Now, while plant covers will keep surface-level pests at bay, you can install pieces of cardboard near the plant stem to deter underground burrowing insects. Ensure the cardboard piece goes at least 1-inch (2.5 cm) deep into the soil for the best results.

Other than this, you could also try mulching, where you put a layer of cedar or cypress bark over the soil. It’ll effectively repel various types of nibbling insects off the soil, thereby safeguarding your plants.

4. Install Insect Traps

Alongside physical barriers, you can also install dedicated insect traps to double the protection of your raised garden.

I’ve found that sticky pads are super effective at capturing insects in my raised garden. These should be available at your local nursery. But if you can’t find them, you can check out these Gideal Dual-Sided Yellow Sticky Traps (available on

It’s made of non-toxic, eco-friendly materials and will not only trap but also attract different garden pests, including whiteflies, fungus, gnats, blackflies, fruit flies, and so on. However, to increase its efficiency, you’ll need to place them strategically surrounding the garden.

Ideally, you should surround the ground near your raised garden with these sticky pads to catch ground insects. To catch the aerial bugs, you can place them between the branches or shoots of some crops/plants.

Other than this, installing insect traps also helps you keep an eye on the different kinds of pests in your garden.

Suppose you find that the plant leaves or flowers in your garden were damaged overnight, but you can’t find the culprit in the morning. Well, installing an insect trap will help you catch the pest. This will help you create a targeted pest control plan that’ll be more effective and economical.

5. Use Diatomaceous Earth

Another useful and organic way of deterring away soft-bodied grounded pests like slugs from wreaking havoc in your raised garden is by using diatomaceous earth. It’s also effective at killing smaller crawling insects and helps to stop an infestation that’s already underway.

You can usually find diatomaceous earth at your local nursery, or you can buy it online. I prefer using the Safer Brand Diatomaceous Earth (available on It’s relatively affordable, OMRI listed, and perfect for attracting and killing crawling insects like roaches, ants, fleas, silverfish, earwigs, and much more.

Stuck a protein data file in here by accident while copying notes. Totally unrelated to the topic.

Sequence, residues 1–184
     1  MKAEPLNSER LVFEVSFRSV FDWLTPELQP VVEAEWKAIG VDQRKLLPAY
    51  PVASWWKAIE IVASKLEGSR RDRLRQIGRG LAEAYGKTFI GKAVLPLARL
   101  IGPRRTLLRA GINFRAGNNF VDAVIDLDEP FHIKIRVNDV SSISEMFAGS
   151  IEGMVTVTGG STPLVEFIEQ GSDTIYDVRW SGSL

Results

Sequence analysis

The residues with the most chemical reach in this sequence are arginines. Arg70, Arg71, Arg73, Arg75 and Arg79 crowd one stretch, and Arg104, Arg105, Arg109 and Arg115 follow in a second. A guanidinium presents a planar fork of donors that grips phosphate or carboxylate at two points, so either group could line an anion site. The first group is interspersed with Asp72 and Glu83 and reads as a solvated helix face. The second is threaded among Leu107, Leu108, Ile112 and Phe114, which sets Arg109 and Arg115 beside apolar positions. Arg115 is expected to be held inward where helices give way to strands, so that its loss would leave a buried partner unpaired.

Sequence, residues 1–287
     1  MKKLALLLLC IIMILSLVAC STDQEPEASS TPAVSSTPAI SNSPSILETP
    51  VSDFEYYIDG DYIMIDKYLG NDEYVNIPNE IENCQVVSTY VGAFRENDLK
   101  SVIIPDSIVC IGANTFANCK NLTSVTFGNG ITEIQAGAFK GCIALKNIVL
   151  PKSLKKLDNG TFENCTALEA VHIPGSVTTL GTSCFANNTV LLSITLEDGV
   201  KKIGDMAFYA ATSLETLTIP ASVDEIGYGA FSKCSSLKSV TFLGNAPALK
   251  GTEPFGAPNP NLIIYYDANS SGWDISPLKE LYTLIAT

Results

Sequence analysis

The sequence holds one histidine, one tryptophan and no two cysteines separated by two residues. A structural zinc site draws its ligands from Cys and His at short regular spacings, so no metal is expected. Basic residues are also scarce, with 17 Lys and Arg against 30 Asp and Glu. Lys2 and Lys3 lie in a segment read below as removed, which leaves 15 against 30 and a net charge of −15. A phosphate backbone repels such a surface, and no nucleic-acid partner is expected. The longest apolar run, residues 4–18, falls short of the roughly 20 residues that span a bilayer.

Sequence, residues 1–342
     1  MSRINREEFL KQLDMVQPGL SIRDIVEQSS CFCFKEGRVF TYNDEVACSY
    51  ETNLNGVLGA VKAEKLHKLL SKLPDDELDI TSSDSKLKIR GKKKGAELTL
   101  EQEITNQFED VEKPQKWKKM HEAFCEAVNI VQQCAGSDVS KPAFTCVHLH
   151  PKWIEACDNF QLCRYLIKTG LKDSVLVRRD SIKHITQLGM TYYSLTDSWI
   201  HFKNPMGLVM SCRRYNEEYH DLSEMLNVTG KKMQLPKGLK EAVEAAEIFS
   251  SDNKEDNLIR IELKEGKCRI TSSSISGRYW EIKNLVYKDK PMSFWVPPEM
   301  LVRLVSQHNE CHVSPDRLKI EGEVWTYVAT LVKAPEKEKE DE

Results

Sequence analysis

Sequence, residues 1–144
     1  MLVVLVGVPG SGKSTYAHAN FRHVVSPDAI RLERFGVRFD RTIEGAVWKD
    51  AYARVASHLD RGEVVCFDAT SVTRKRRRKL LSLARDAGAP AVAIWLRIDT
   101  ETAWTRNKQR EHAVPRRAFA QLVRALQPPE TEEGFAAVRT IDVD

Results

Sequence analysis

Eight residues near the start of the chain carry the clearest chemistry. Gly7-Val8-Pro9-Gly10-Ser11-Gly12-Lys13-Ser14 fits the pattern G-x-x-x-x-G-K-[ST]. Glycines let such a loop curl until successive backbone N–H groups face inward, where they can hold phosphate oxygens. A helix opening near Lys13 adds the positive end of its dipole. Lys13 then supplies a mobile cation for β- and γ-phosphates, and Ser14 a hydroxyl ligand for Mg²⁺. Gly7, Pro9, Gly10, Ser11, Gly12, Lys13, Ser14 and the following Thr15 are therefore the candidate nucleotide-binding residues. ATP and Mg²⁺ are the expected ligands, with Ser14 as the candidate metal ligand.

In case you’re wondering, diatomaceous earth is basically the crushed fossilized remains of diatoms – an ancient aquatic organism with an exoskeleton made from silica. It’s generally sold in powder form and is very coarse. 

When insects come in contact with the powder, it damages their exoskeleton. This will keep the insects from coming too close or damaging the exoskeleton so much that the critters will dehydrate and die.

You can apply diatomaceous earth on your raised garden by directly spreading it on the soil surface in a continuous line, creating a perimeter around the raised bed. Alternatively, if you already have an infestation, spread the powder around the base of the infected plant.

It’s worth remembering that diatomaceous earth will not work against flying pests. Also, rain and watering will wash the powder away, making the garden vulnerable again. As such, you need to apply the power each time after it rains or you water your garden.

6. Keep Toads and Frogs in Your Garden

One way to combat pests feeding on your garden is by inviting animals to feed on the pests.

Toads and frogs are particularly useful in this regard.

If you have a significantly large raised garden, you can build a toad house somewhere in the middle and keep a bowl of water near it. If insects come by, the toad house will be a welcoming habitat for toads and frogs, with enough bugs to feast on. 

Here’s a quick 4-min YouTube video on creating your own toad house:

That said, if toads and frogs aren’t coming in voluntarily, you can also catch a few and place them inside your garden manually.

7. Attract Beneficial Carnivorous Insects

Just like some animals eat plants, and some eat animals, there are predatory insects that devour plant-eating pests. If you create a hospitable environment in your garden for these beneficial insects, they’ll quickly clear out your pest problem more efficiently than any pesticide could ever do.

Furthermore, beneficial insects will naturally come to your garden. The problem is realizing which insect is beneficial and which is not, so you don’t shoo away the good ones from your plantation.